Juno Award-winning Vancouver rock group Said the Whale performs at the Port Theatre on Sept. 26. (Photo courtesy Vanessa Heins)

Juno-winning rockers Said the Whale coming to the Port Theatre

Vancouver group endeavouring to nurture young Lower Mainland musicians

When Tyler Bancroft describes his band’s latest album, the word he uses the most is “comfortable.”

Bancroft, singer and guitarist for Juno Award-winning Vancouver rock group Said the Whale, said after coming off of an experimental album and replacing their rhythm section, the band’s new album Cascadia is a natural return to what feels comfortable.

“When you take a risk and do something that you’re not comfortable with, the most natural reaction is to slingshot back to where you came from,” Bancroft said.

To keep with the comfortable vibes, parts of the record were recorded at Bancroft’s studio made from a converted bike shed and guitarist Ben Worcester’s family cabin on Gambier Island.

“We went up there and just brought some recording gear with some producers that worked on the record with us and just recorded for a few days and felt no pressure and were in a beautiful, comfortable environment in the summer and I can’t think of a more relaxing way to make an album,” Bancroft said.

The band kicked off their Cascadia tour at the Malkin Bowl at Stanley Park on Sept. 6 and play the Port Theatre on Sept. 26. Opening for the group at the Malkin Bowl was 17-year-old Port Coquitlam guitarist Jaden Bricker, whom the band discovered when they launched a contest for musicians under 18 years of age. Said the Whale are also offering the Top 5 finalists a mentorship session. Bancroft said it’s part of the band’s recent effort to nurture young musicians in the Lower Mainland.

“We are comfortable in a place in our careers where we’re starting to reflect on how we carry ourselves and the impact we have on those around us,” Bancroft said. “And one of the things that we are trying to focus on is reinvesting our time and energy and money into young artists in Vancouver.”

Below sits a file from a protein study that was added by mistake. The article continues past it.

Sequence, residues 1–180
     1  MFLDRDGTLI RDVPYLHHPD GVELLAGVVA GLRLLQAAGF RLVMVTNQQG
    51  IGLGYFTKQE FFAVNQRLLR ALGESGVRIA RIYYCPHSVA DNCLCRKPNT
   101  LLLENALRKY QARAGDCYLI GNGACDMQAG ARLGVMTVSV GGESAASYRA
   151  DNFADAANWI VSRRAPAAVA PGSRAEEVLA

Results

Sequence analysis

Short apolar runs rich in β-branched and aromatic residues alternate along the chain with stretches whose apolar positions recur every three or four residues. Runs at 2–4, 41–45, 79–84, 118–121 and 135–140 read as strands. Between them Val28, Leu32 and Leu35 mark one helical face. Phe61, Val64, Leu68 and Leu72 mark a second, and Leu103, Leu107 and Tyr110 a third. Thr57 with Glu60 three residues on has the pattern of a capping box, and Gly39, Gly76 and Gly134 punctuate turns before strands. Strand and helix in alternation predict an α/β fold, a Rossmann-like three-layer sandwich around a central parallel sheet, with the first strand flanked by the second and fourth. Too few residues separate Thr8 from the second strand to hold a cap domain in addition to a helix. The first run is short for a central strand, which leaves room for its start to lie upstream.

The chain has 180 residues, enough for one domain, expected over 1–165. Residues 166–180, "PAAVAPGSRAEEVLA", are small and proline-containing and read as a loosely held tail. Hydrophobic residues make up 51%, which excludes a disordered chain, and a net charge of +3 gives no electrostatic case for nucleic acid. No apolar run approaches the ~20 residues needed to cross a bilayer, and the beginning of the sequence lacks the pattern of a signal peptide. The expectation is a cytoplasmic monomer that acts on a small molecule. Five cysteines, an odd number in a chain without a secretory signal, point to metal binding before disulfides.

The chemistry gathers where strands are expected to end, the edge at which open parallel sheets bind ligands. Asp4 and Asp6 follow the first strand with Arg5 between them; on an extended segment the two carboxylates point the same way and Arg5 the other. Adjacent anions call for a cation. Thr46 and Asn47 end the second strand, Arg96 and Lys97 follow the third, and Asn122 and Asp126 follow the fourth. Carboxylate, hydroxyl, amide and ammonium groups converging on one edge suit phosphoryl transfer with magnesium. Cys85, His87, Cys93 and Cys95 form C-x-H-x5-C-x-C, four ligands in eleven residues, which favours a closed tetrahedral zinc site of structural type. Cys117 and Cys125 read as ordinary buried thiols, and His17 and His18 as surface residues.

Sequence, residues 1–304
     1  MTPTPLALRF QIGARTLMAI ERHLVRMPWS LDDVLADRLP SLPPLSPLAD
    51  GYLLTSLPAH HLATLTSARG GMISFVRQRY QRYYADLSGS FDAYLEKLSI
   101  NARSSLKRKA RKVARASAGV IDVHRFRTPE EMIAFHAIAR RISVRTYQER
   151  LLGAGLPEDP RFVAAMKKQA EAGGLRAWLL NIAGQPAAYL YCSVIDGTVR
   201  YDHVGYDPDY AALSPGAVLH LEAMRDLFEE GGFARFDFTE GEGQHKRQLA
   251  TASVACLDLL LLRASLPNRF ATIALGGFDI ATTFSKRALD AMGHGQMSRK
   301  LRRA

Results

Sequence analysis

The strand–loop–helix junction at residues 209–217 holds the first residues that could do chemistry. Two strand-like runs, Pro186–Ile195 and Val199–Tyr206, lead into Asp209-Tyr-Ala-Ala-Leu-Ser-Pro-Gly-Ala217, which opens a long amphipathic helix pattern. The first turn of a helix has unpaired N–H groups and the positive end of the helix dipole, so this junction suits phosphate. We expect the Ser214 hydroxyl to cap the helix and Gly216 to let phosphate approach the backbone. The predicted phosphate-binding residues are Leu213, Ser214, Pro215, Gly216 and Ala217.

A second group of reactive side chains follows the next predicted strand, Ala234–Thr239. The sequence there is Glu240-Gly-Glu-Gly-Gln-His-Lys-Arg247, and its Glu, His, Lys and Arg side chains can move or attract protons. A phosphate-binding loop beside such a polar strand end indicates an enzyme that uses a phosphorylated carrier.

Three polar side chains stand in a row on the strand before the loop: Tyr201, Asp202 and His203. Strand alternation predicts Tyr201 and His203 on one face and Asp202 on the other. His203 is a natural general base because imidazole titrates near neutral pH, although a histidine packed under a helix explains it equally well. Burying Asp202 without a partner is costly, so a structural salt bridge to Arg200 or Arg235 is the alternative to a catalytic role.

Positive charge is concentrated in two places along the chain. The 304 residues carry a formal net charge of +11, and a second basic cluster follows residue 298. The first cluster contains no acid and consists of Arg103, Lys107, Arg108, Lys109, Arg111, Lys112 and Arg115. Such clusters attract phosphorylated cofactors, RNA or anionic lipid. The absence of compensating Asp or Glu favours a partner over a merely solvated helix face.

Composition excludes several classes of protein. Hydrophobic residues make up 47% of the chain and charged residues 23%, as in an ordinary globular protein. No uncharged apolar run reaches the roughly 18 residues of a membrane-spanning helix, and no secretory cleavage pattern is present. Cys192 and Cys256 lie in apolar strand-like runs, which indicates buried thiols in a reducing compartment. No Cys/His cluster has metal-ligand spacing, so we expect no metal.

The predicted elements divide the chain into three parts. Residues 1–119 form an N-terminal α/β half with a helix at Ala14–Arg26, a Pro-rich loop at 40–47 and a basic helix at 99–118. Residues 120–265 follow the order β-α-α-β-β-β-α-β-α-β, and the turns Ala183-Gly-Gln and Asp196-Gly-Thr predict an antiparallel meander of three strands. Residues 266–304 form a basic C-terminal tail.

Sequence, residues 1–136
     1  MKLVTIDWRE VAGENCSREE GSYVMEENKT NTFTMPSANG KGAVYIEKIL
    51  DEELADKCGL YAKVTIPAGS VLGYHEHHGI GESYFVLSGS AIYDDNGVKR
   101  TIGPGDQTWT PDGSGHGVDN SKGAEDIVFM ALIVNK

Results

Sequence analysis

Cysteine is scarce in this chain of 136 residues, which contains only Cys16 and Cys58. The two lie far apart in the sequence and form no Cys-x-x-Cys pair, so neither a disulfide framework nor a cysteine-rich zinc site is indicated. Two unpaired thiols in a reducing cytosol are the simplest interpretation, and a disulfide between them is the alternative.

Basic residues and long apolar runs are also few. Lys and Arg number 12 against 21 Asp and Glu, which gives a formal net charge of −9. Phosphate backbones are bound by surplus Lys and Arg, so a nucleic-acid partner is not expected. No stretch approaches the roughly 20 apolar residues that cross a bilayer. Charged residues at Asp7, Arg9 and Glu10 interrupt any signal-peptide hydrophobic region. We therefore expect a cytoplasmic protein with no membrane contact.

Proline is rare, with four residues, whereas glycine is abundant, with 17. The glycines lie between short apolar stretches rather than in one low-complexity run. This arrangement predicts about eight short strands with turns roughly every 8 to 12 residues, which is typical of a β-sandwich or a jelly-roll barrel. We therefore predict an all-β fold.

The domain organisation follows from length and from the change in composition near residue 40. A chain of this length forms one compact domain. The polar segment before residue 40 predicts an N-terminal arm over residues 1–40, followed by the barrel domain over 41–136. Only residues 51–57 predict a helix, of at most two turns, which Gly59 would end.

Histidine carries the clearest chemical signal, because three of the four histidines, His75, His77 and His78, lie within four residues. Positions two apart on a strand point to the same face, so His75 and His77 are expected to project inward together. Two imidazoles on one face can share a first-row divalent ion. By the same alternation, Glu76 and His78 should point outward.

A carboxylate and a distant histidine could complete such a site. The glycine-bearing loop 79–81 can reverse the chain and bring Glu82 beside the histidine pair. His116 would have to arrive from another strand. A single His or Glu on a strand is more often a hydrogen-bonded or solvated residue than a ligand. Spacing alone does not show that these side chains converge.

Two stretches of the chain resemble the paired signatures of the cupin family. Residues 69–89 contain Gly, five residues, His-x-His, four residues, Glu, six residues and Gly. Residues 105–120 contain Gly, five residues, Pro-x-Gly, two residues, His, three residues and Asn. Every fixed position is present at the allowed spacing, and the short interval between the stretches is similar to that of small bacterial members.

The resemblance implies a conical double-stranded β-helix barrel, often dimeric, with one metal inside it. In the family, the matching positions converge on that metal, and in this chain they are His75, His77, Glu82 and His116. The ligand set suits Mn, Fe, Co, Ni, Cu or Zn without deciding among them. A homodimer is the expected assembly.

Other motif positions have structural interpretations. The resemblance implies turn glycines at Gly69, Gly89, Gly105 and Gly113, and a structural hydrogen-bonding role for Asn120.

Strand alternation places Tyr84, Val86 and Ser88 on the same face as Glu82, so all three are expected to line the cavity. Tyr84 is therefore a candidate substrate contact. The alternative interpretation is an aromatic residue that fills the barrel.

Over the spring Said the Whale launched a school tour where they donated at least $1,200 to the school music programs at each stop with sponsorship from Air Miles and Tom Lee Music. They also spoke to the students about the viability of a career in the arts and the importance of focusing on their passions.

As the next phase in their endeavour, starting this fall Said the Whale will make available two $2,500 grants annually for the next five years to help young Lower Mainland musicians develop their craft. Bancroft said he was inspired by his own youth, when as a 16-year-old high school student he took out a $3,000 business development loan to record an album and then paid it all back, an “overwhelming” task for a teenager.

“We managed to pull it off, but I would like to unburden some young people and allow them to focus on just having fun with it and not stressing about money quite yet,” he said. “Because, you know, you’ve got your whole life to stress about money.”

WHAT’S ON … Said the Whale perform at the Port Theatre, 125 Front St., on Sept. 26 at 7:30 p.m. Tickets are $36.50 for Rows A to J, all other seats $31.50. Available at the box office.



arts@nanaimobulletin.com

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